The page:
Water summit
Explorer file photo, Oro Valley utilizes reclaimed water at golf courses such as the El Conquistador Country Club. The town has an agreement with the City of Tucson to deliver treated water, which is used primarily for turf irrigation and is stored in a reservoir along La Cañada.

Experts and elected officials from across southern Arizona met Friday, Oct. 29 at Oro Valley Town Hall to discuss the future of the area's most precious natural resource: Water.

While surface and groundwater remain in short supply, arid Southwestern states are flush in reclaimed water. It's a resource many at the conference agreed was largely untapped, with the potential to greatly reduce water usage.

"It is one of those resources that's a steady, dependable supply," said conference speaker Steve Olson of the Arizona Municipal Water Users Association.

Reclaimed water, also called effluent, has been treated and cleaned of bacteria and microorganisms. Effluent supplies grow as populations swell. In modern wastewater treatment facilities, effluent emerges almost indistinguishable from tap water.

In Pima County and other areas of the state, reclaimed water is used to irrigate golf courses, public parks, schools and roadway medians. More than 20 of the 39 golf courses in eastern Pima County use reclaimed water for irrigation, according to the Tucson Water Department.

Reclaimed water also could be used in other applications, including recharge.

Chris Avery of Tucson Water said effluent recharge could become a greater use for reclaimed water as more infrastructure is put into place.

Uses for effluent, such as restoration and creation of riparian habitats along washes and dry riverbeds, already occur throughout the county. The county's Roger Road Treatment Facility has been pouring tens of thousands of acre-feet per year into the Santa Cruz River.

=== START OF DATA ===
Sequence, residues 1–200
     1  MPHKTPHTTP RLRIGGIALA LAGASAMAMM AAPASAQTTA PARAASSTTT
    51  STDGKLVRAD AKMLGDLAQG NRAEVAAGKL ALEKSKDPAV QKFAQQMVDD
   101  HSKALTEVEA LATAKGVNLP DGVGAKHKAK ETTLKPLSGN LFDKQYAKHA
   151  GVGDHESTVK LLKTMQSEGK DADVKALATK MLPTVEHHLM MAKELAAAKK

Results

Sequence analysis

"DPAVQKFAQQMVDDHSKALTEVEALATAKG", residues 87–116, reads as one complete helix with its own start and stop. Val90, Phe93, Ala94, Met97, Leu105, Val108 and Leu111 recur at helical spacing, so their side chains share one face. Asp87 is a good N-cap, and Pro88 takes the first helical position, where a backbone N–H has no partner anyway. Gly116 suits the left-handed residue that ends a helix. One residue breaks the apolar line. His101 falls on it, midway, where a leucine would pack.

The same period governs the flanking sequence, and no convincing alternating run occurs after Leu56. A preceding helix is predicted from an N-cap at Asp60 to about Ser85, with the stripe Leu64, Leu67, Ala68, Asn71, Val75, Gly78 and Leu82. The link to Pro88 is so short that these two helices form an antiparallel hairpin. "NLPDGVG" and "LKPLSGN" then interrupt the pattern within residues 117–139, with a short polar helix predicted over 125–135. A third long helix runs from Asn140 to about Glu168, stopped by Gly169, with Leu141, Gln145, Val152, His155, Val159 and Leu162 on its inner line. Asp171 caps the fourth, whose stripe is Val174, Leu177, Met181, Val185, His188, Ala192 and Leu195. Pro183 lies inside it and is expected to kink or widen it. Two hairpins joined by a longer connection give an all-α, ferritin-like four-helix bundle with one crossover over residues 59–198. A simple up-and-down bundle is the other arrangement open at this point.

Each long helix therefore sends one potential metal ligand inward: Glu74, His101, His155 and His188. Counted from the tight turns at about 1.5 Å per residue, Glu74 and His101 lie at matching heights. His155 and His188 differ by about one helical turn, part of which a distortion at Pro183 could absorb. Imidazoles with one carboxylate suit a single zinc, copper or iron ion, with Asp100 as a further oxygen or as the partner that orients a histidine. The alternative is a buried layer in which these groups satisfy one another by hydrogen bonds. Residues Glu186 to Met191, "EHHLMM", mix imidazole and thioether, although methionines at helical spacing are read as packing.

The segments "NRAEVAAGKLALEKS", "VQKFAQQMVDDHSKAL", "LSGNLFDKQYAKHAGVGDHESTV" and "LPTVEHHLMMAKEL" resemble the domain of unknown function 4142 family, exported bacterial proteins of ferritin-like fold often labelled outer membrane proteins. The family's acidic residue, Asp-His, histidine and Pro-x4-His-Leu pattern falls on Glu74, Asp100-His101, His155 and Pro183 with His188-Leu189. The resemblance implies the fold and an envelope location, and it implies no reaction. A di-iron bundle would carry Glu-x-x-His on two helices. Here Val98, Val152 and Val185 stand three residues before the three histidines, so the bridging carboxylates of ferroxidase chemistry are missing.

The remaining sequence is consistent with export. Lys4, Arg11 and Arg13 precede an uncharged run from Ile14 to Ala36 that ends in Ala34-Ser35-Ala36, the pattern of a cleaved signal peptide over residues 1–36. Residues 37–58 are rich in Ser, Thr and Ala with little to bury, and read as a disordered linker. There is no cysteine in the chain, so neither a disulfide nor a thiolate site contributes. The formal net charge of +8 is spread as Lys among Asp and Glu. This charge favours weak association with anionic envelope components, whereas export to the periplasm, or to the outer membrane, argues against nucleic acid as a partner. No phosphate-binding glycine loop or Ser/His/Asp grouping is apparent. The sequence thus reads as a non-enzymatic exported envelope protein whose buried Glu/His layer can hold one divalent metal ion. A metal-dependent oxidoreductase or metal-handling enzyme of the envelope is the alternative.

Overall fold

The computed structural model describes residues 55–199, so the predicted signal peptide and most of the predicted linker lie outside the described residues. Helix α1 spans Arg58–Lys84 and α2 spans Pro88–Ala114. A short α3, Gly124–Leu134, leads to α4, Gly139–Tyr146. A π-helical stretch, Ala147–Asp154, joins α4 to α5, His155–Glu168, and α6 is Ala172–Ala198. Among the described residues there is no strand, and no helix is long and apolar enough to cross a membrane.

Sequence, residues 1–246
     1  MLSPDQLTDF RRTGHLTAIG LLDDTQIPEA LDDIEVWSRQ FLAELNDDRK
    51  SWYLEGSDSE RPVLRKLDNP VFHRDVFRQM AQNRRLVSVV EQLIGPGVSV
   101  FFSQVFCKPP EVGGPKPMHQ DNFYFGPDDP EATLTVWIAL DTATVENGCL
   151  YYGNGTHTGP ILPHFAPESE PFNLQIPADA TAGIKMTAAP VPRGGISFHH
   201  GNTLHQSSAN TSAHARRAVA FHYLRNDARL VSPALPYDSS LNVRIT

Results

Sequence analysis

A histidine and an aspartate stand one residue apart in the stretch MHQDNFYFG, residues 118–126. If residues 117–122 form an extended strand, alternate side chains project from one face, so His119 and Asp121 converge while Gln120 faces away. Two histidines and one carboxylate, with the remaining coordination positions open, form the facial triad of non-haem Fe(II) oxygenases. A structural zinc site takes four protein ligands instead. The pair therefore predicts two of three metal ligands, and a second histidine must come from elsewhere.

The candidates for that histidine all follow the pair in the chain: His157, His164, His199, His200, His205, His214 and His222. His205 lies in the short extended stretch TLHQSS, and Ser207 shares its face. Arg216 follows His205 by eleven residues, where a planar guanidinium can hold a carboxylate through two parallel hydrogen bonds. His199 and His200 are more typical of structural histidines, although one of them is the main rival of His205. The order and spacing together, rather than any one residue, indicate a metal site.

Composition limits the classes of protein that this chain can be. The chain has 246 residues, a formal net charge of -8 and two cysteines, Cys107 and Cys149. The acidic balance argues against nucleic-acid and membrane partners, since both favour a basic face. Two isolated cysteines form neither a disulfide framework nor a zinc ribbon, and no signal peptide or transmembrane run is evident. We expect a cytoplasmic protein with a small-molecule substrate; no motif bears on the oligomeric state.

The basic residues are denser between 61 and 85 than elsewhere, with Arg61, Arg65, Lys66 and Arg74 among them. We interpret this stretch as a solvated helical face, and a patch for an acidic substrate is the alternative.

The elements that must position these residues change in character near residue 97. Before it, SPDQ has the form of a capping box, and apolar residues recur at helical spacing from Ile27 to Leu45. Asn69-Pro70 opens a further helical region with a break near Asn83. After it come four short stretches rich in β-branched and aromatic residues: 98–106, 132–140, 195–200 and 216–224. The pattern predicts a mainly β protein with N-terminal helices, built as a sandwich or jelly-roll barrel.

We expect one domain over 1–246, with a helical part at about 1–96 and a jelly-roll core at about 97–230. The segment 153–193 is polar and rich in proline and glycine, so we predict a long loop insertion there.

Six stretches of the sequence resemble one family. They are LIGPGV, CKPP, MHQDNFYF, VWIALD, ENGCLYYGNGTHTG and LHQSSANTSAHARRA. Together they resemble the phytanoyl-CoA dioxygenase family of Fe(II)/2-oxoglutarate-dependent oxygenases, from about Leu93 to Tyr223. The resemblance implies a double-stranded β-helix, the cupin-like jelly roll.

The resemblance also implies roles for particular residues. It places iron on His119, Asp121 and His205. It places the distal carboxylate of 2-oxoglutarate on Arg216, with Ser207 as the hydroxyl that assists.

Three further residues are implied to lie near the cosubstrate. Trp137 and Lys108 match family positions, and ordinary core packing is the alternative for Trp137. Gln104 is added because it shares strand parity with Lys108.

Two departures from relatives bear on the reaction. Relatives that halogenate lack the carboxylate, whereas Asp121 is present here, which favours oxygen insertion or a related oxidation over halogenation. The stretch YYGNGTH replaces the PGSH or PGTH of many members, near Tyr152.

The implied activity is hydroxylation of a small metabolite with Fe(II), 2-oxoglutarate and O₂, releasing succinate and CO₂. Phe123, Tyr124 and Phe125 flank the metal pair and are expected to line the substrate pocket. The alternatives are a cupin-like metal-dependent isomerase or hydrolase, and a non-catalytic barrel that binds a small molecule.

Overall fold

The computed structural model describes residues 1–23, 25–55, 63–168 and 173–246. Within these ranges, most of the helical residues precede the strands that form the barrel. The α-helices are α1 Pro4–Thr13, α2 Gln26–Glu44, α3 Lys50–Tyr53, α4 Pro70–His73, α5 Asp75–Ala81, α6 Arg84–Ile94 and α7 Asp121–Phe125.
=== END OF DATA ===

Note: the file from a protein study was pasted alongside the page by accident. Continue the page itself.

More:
Uses like this already contribute indirectly to groundwater recharge, but Avery said effluent would not be used for drinking water or "toilet to tap."

"At some point, we have to find where the additional water resource will come from," Avery said.

Reclaimed water and its uses featured heavily in the discussions about long-term strategies.

Another issue discussed was the use of gray water.

Val Little with the Water Conservation Alliance of Southern Arizona said the group has been advocating for gray water use for years. Unlike effluent, gray water is non-sewage waste residential customers produce through washing machines, showers and faucets. The water is redirected from sewer lines and used for irrigation purposes on the producer's property.

Some homebuilders in Southern Arizona have begun to install gray water harvesting fixtures on new homes. Homes also can be retrofitted to utilize gray water.

According to the Water CASA website, a household of four people can produce an average of 70 gallons of useable gray water each day.

Other discussions focused on groundwater replenishment, renewable water resources and the challenges the Central Arizona Water Project faces.

Arizona has a 2.8-milion acre feet annual allocation of Colorado River water. Fourteen pumps and three tunnels deliver the river water more than 300 miles across the desert and up more than 2,000 feet in elevation.

To pump all that water across the desert takes extraordinary amounts of energy.

"The Central Arizona Project happens to be the largest energy user in Arizona," said Warren Tenney of Metro Water and the Central Arizona Water Users Association.

Much of that energy comes from the Navajo Power Generating station in Northern Arizona. Bur federal regulators have in recent years set their sights on the power plant, saying the facility produces too much emissions, causing haze.

Tenney said CAP officials are willing to invest some $48 million to make improvements to the plant. Environmental Protection Agency officials likely would require upgrades to clean the air around the power plant that could cost more than $1 billion, Tenney said.

"That could mean we would have to double or triple our water costs," he said.

Perhaps summing up the water situation for most communities across the West, Tenney said: "Any new source of water is going to be expensive — there's no more cheap water in the state."

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